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Environment
10:00 am
Fri July 6, 2012

Water Shortage Watch Announced for Twenty-Seven Kentucky Counties

Kentucky officials have declared a water shortage watch for 27 counties, mostly in central and western parts of the state.

Nearly all of the state outside of Jefferson and nearby counties is in some degree of drought. Many have been classified as abnormally dry, but central and northern Kentucky are in a level one drought, and the entire western part of the state is in a level two drought. That means in some places, water is becoming scarce.

The state issues water shortage watches when drought conditions could possibly threaten the availability of drinking water supplies.

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Environment
4:53 pm
Thu July 5, 2012

Fireworks Lead to Spike in Louisville Soot Pollution

lkluft Wikimedia Commons

There’s an air quality alert in effect today, but that’s for ozone. Louisville’s air quality monitors showed spikes in another type of pollution last night, as fireworks were going off around the city.

Air Pollution Control District spokesman Tom Nord says the fireworks caused spikes in several area air pollution monitors.

“We’re already having problems with ozone, and we did have another exceedance yesterday for ozone,” Nord said. “But fireworks are mostly a particulate matter issue, it’s mostly a soot issue.”

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Environment
3:34 pm
Thu July 5, 2012

Kentucky Coal Operators to California Reps: Don't Expect Mine Safety Fine Payments Soon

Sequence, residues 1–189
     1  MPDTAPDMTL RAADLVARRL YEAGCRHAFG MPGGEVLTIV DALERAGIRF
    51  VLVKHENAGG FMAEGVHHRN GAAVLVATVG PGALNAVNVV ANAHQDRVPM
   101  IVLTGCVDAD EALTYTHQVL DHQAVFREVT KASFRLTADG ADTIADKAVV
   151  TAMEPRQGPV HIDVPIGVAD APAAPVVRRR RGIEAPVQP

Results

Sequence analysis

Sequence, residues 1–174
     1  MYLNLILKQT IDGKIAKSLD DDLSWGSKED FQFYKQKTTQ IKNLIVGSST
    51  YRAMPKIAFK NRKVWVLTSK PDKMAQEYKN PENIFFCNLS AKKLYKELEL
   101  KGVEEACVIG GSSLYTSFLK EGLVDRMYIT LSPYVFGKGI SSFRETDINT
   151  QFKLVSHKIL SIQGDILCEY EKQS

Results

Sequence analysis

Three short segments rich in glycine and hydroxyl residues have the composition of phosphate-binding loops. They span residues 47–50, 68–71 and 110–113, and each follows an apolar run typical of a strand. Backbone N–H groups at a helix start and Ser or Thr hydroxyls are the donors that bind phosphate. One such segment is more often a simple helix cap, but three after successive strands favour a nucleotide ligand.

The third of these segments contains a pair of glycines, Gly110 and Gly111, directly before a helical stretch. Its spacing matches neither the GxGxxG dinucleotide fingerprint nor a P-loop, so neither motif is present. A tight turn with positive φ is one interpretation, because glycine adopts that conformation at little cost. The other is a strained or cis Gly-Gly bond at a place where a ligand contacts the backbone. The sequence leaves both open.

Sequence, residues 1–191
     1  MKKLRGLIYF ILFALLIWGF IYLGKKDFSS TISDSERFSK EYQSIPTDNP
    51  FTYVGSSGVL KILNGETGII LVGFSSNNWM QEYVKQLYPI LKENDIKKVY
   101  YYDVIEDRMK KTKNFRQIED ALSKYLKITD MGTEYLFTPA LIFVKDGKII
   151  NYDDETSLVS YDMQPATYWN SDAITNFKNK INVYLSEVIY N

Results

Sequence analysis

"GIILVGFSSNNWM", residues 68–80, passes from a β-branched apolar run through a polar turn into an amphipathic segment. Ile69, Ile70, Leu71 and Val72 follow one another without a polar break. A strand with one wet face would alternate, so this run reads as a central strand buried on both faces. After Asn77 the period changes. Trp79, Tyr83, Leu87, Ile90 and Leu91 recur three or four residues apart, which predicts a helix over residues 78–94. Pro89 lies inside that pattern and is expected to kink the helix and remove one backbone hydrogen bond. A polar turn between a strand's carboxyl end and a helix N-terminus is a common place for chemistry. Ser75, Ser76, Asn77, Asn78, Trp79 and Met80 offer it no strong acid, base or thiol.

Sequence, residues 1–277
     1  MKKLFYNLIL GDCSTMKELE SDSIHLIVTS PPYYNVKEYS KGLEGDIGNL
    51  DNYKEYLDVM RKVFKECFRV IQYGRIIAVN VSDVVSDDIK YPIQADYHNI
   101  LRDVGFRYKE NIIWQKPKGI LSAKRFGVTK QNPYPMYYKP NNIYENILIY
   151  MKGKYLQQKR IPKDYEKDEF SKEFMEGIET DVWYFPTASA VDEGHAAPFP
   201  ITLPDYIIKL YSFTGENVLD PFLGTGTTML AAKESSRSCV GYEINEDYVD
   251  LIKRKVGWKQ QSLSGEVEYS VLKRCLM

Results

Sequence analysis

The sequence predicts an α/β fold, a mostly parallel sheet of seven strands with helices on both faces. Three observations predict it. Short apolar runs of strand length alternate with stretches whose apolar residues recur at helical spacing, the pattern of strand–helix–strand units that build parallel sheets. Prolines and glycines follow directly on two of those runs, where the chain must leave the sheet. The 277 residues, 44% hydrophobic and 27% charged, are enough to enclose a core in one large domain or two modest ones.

A lawyer has responded to two California representatives on behalf of three Kentucky mine operators.

In June, Congressmen George Miller and Congresswoman Lynn Woolsey sent a letter to Jack Ealy and Ralph Napier, the president and vice president of K and D Mining, as well as John North of Jackrock, LLC. They wanted the mine operators to submit a plan to pay the $1.568 million currently owed to the federal government for mine safety violations.

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Environment
12:11 pm
Thu July 5, 2012

Air Forecasted to Be Unhealthy for All on Friday

The Louisville Air Pollution Control District has issued an Air Quality Alert for Friday. Ozone levels are expected to be high enough to be unhealthy for everyone--a 156 on the Air Quality Index. This is the fourth Air Quality Alert issued so far this week, and the 17th so far this summer.

For hourly air quality updates, call (502) 574-3319.

 

Environment
12:00 pm
Wed July 4, 2012

What Do Zoo Animals Do During Air Quality Alerts?

Erica Peterson WFPL

There’s another Air Quality Alert in effect for today, and ozone levels are expected to be high. But those warnings go out to the human inhabitants of Louisville. How do the high ozone levels affect the exotic animals at the Louisville Zoo?

Zoo curator Steve Wing says one of the species that would be most sensitive to the high ozone levels are the zoo’s penguins.